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Withdrawal Agreement Act

The UK needs the Withdrawal Agreement Act to implement its Withdrawal Agreement with the EU.

Why is the Withdrawal Agreement Act needed?

The UK needed a bill to implement the Withdrawal Agreement, which is the legally binding treaty setting out the negotiated terms of the UK’s departure from the EU.

 This is for two reasons:

  1. To meet our international obligations. When the UK becomes party to an international treaty, the treaty does not automatically take effect in UK law. Instead, Parliament must legislate to give effect to the treaty.
  2. A full Act of Parliament was required by prior legislation. Under the EU (Withdrawal) Act, Parliament had to pass a further Act before the UK was allowed to ratify the treaty

What does the Withdrawal Agreement Act say?


What does the Withdrawal Agreement Act say?

Has this changed from the bill published in October 2019

Transition period

EU law

Clause 1

During the transition period, almost all EU law will continue to apply in the UK. The bill achieves this by keeping parts of the European Communities Act in 1972 in force for the duration of the transition period. This is the statute that has given effect to EU law during the UK’s membership of the EU. No.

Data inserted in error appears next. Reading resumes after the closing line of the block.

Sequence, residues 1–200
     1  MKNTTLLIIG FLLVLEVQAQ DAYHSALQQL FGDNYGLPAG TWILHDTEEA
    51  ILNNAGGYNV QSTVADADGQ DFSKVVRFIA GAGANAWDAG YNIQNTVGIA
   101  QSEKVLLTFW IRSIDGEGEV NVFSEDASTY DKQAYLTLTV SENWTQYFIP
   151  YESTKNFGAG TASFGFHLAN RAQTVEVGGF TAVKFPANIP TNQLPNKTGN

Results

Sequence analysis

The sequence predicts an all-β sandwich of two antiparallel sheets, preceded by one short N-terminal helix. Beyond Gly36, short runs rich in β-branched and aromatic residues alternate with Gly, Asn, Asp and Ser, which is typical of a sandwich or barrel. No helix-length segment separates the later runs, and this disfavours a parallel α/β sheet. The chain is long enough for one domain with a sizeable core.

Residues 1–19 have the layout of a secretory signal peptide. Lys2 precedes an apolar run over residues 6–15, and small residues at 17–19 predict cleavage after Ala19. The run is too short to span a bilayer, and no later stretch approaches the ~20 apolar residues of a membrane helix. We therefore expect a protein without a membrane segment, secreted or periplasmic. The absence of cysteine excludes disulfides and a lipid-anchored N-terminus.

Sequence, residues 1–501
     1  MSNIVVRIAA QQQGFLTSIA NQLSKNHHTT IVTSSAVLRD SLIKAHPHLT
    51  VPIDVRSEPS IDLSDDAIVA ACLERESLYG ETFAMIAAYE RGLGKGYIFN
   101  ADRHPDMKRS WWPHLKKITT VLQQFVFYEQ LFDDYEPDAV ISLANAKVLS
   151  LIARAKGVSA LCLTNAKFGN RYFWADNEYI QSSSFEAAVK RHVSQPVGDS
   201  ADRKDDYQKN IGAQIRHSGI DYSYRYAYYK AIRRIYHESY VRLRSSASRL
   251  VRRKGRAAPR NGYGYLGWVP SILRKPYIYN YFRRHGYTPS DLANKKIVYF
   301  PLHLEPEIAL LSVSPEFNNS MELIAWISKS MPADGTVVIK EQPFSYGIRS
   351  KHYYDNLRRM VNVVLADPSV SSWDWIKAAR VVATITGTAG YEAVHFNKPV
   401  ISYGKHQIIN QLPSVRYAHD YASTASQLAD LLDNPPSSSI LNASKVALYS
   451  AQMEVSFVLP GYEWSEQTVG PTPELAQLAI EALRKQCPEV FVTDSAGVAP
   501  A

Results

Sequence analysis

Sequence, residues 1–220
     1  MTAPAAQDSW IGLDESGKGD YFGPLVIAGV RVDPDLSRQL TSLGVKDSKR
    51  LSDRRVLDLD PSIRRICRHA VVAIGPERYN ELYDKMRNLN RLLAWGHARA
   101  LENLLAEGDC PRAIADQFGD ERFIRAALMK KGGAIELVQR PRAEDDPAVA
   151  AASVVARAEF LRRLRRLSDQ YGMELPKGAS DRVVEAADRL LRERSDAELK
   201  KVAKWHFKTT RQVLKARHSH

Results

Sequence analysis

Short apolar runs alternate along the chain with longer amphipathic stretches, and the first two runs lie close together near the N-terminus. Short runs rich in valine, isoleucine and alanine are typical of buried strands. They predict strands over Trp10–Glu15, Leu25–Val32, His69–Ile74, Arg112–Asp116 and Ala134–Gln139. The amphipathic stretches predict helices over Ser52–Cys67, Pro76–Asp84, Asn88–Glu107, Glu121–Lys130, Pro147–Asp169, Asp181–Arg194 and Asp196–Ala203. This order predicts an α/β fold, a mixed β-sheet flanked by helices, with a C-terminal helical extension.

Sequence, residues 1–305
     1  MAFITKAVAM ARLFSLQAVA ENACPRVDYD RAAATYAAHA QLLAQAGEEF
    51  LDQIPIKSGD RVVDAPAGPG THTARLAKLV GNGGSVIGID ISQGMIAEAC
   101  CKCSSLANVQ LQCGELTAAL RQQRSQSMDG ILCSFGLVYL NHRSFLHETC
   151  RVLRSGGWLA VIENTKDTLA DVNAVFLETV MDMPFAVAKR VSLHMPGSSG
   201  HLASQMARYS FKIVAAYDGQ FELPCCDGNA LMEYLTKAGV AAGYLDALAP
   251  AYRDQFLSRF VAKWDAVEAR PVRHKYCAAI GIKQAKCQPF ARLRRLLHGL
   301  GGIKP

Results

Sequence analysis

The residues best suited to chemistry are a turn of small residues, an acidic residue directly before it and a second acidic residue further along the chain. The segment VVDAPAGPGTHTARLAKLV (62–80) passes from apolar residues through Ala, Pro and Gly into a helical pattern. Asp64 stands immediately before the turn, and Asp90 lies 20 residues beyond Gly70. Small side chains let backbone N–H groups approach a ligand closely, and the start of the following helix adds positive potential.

Extending transition

Clause 33

The transition period will end in December 2020. The transition period could have been extended under the Withdrawal Agreement if the UK and EU jointly agreed to do so before 1 July 2020 – however, the Act prohibited ministers from agreeing any extension.

In accordance with the Act, no extension was agreed before the July deadline.


Previously ministers were able to agree an extension to the transition period, if the House of Commons had approved such an extension.

Now it would require further primary legislation for the prime minister to extend the transition.

New EU laws

Clause 29

The bill specifies a process for scrutinising any EU laws which are made during the transition.